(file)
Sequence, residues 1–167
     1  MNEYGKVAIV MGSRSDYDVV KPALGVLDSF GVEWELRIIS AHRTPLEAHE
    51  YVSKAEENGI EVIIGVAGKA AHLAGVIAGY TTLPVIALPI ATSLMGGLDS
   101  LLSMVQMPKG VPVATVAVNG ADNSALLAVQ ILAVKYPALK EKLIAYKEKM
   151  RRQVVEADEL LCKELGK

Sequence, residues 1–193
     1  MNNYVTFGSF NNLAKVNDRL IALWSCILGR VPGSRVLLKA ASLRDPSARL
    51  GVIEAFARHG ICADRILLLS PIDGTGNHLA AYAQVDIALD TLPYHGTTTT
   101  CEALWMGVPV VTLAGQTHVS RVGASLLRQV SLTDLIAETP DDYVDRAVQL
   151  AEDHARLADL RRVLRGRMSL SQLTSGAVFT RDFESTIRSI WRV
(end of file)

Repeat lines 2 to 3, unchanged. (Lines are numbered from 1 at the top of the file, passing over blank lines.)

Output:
     1  MNEYGKVAIV MGSRSDYDVV KPALGVLDSF GVEWELRIIS AHRTPLEAHE
    51  YVSKAEENGI EVIIGVAGKA AHLAGVIAGY TTLPVIALPI ATSLMGGLDS